Joel Garner - one over went to 12 balls
CRICKET: In the not too distant past the West Indies had many fine
pace bowlers who have sent the shivers to the opposing batsmen in Test
cricket. One West Indian fast bowler who generally brought the shivers
to the opposing batsmen was the big-made Joel Garner - the West Indian
Joel Garner - the `demon’ West Indian pace bowler
Garner as usual was nasty and generally had the batsmen fending the
ball off their ribs. He had an uncanny ability to disguise his pace and
length and was able to accelerate his arm and elbow without telegraphing
his change of pace. Generally he was not a nice customer to face.
But Garner had problems a plenty to overcome - the bowling of
no-balls. When the West Indies played against Australia from November 9
to 12 in 1984. Garner bowling to Dyson in the second innings of the
Perth Test confronted unwarranted problems. One over of Garner went to
12 balls in a 11-minute agony. He bowled six no-balls and four of them
came in succession.
Joel Garner (born 16 December 1952 in Christ Church, Barbados) also
known as “Big Joel” or “Big Bird”, is a former West Indian cricketer,
and a member of the highly regarded late 1970s and early ‘80s West
Indies cricket teams.
He was a 6 ft 8 inch (2.03 m) fast bowler capable of ripping through
the heart of opposing batting line-ups. In conjunction with fellow fast
bowlers Michael Holding, Andy Roberts, Colin Croft and later Malcolm
Marshall, the West Indies reached unprecedented heights in the Test and
one-day cricket arenas, not losing a Test series in 15 years. He is one
of the tallest bowlers ever to play Test cricket.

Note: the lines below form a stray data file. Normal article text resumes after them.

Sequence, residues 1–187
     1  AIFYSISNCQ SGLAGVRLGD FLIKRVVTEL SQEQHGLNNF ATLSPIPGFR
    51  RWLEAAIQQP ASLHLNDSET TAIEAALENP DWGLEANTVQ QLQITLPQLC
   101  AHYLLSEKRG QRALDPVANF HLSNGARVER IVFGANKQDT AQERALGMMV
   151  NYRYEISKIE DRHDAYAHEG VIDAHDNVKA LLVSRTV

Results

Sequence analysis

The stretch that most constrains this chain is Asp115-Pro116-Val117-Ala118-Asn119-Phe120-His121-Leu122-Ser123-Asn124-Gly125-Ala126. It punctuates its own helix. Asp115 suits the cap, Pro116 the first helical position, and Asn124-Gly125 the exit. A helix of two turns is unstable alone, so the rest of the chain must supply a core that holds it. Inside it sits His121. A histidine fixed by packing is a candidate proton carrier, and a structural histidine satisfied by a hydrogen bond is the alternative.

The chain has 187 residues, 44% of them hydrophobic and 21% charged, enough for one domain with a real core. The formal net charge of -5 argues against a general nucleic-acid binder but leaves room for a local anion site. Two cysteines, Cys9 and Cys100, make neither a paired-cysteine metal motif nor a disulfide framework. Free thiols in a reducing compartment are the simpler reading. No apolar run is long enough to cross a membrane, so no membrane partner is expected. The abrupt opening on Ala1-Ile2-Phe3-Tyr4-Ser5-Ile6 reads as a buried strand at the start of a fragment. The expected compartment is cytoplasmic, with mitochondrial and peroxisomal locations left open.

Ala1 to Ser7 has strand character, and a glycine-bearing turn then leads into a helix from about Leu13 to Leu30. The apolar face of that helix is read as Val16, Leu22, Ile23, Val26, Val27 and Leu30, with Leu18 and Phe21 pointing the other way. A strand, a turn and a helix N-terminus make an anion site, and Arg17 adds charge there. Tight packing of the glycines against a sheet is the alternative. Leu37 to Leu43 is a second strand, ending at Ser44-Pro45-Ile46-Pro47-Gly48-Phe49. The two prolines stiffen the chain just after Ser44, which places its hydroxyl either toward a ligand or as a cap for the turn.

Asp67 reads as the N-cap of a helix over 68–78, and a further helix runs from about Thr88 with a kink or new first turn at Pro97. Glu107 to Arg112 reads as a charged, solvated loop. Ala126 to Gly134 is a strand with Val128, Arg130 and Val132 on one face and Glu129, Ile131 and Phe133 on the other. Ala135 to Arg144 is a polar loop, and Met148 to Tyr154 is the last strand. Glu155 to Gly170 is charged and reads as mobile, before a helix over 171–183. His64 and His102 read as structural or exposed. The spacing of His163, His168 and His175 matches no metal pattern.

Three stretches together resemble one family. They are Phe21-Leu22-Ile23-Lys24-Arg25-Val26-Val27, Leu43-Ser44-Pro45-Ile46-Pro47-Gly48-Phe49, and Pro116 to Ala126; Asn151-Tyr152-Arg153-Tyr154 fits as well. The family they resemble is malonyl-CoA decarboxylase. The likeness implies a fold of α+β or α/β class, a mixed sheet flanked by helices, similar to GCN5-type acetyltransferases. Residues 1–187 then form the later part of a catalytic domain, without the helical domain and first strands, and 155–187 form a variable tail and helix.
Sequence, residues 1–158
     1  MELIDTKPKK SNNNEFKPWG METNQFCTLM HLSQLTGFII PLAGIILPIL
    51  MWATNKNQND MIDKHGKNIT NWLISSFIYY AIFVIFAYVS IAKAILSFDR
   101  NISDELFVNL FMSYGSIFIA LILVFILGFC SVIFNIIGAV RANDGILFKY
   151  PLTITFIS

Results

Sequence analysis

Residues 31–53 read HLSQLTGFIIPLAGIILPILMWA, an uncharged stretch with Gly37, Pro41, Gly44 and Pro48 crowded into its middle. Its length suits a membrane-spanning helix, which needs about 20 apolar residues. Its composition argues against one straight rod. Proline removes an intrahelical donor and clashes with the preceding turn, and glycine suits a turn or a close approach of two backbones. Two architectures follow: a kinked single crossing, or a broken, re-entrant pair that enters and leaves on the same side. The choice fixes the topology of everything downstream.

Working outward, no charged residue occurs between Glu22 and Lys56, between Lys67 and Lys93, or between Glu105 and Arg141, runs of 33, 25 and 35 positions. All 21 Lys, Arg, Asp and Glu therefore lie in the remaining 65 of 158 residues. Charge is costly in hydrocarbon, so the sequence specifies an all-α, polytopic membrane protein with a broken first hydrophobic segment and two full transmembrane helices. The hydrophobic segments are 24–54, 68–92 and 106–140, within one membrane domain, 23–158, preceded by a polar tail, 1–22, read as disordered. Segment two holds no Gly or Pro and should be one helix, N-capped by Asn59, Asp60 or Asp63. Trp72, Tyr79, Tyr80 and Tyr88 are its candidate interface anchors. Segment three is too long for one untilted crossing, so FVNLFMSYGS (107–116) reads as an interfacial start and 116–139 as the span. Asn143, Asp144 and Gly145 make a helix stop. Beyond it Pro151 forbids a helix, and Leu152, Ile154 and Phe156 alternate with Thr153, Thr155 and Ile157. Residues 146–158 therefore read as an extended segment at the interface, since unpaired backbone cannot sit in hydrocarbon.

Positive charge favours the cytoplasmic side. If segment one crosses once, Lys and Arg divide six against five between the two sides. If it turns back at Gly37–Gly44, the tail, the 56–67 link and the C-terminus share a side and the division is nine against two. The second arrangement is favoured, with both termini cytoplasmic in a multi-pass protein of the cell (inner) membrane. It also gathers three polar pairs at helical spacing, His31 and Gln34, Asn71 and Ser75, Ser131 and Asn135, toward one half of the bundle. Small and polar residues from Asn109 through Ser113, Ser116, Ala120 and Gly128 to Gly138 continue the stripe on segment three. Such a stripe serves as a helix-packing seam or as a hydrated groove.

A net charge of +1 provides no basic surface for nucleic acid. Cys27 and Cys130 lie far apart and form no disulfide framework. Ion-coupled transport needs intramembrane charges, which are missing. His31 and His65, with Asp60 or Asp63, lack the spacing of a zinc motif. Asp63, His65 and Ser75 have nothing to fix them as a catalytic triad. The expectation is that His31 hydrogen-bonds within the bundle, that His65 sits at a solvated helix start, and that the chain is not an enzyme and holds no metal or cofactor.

In Test cricket he played 58 Tests between 1977 and 1987 and took 259
wickets at an average of barely above 20, making him statistically one
of the most effective bowlers of all time.
However, it was in the limited overs cricket that Garner put his
height to use with devastating effect. In 98 matches he took 146
wickets. He had the ability to unleash a devastating yorker, as well as
the ability to generate more bounce.
He is one of only two players with more than 100 ODI wickets to
average under 20, while his economy rate of just over 3 runs per over,
and average of less than 20 runs per wicket are also the best ever for
any bowler who took more than 100 wickets.
His 5 for 39 in the 1979 Cricket World Cup final against England
remains the best ever performance by a bowler in a final; it included a
spell of 5 wickets for 4 runs, and he was on a hat-trick twice.
Joel played for Barbados in the West Indies, for South Australia in
the Sheffield Shield and more famously alongside Viv Richards and Ian
Botham for Somerset in the English County Championship.
He was at Somerset in the most successful time in the county’s
history. His height is almost the same as that of his successor Curtly
Ambrose, hence the same “Big” prefix.